There are several types of surgical approaches differentiated by the level of invasiveness and the anatomical structures preserved post-operatively. Modified radical mastectomy, simple mastectomy, skin-sparing mastectomy, nipple-areolar sparing mastectomy, and lumpectomy w/ axillary lymph node dissection are most often utilized in practice.
Lumpectomy is the removal of the suspicious lesion without the removal of the whole breast, therefore not requiring reconstruction. It is used to remove both invasive (invasive ductal, lobular) and non-invasive cancers (DCIS, LCIS) of the breast. Lumpectomy is often performed with sentinel lymph node biopsy to assess for nodal metastasis. When combined with adjuvant radiation treatment, as is commonly practiced, lumpectomy is termed breast-conserving therapy. If patients are candidates, breast-conserving therapy is preferred to mastectomy due to the similar rates of overall survival1 and favorable cosmetic outcomes. Studies are increasingly showing better overall survival with breast-conserving therapy when compared to mastectomy without radiation.2
Breast-conserving surgery is considered the treatment of choice for non-metastatic breast cancer when the tumor can be removed with negative margins and a favorable cosmetic outcome. If patients are not willing to undergo or have a contraindication to adjuvant radiation treatment, they may not be candidates for breast-conserving therapy.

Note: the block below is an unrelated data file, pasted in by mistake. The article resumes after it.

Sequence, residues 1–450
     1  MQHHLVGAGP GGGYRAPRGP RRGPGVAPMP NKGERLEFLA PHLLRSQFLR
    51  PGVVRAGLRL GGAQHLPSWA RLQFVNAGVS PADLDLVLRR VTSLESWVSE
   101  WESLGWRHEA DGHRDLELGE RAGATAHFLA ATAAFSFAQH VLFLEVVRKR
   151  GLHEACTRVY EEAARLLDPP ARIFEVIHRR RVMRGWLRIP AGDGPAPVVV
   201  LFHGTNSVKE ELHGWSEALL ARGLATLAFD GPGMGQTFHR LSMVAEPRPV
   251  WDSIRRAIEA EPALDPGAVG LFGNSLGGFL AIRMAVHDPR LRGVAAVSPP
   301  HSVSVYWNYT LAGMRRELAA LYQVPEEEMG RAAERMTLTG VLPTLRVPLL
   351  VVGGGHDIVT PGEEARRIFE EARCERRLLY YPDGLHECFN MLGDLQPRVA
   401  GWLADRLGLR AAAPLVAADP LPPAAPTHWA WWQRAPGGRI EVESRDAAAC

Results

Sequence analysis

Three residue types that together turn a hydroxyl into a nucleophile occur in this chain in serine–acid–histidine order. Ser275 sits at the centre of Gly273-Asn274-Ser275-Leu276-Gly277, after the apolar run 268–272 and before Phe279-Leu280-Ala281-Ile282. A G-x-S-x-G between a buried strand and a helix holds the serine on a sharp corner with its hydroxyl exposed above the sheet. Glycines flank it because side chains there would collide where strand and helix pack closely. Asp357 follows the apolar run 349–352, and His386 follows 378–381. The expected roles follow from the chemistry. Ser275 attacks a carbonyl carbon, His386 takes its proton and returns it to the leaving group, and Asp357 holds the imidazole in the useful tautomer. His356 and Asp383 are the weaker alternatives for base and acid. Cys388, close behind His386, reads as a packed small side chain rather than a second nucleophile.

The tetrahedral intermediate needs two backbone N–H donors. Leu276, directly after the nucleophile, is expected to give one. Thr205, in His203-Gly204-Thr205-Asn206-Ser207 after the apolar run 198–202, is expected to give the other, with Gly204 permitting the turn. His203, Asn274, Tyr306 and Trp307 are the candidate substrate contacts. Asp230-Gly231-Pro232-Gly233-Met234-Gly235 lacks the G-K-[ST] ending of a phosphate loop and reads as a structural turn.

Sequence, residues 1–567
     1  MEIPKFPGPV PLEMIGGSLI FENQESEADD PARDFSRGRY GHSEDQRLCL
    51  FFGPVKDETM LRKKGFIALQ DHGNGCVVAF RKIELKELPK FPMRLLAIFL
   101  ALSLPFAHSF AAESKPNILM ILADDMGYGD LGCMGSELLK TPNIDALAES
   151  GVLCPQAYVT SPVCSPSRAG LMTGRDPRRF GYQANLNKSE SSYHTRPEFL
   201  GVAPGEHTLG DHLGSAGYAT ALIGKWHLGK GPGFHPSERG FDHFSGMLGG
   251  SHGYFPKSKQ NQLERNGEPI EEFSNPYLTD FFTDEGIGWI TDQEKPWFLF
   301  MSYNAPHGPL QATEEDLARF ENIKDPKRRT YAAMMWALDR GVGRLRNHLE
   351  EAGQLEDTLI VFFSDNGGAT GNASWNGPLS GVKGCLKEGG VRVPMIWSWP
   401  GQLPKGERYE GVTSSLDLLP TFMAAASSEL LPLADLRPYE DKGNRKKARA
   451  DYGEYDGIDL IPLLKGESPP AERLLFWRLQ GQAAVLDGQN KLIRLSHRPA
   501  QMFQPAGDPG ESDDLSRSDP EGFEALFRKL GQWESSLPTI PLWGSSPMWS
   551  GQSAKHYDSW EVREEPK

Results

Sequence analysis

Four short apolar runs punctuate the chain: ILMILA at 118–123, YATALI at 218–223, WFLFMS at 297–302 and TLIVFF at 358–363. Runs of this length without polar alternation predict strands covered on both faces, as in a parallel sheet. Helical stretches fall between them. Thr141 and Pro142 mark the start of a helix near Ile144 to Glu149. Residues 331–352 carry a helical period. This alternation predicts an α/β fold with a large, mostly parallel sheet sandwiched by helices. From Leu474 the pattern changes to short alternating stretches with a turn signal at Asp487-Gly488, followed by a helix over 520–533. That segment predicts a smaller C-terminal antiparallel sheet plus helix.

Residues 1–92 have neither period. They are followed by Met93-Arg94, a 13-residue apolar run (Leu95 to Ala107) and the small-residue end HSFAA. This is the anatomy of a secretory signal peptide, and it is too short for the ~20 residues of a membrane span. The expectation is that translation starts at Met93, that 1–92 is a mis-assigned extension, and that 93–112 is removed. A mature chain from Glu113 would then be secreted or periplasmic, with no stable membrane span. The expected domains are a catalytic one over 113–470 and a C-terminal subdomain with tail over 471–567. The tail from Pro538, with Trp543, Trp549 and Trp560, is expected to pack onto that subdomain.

Breast-conserving therapy begins with the surgical removal of the primary tumor (lumpectomy). Pre-operatively, radiology may place wires defining the lesion to aid the surgeon with localization in the OR. An incision is made directly superficial to the lesion or placed circumareolar, within the inframammary fold, or along the lateral contour of the breast to improve cosmesis and allow the best access to the tumor. Regardless of the location, the incision should follow Langer’s lines. The tumor is excised and oriented for pathological evaluation with a stitch or ink to ensure negative margins. The defect is closed cosmetically.
Attention is now turned to the sentinel lymph node dissection. With a radiotracer probe, the sentinel node is identified, removed, and sent for pathology.
General surgical risks:
Risks specific to lumpectomy: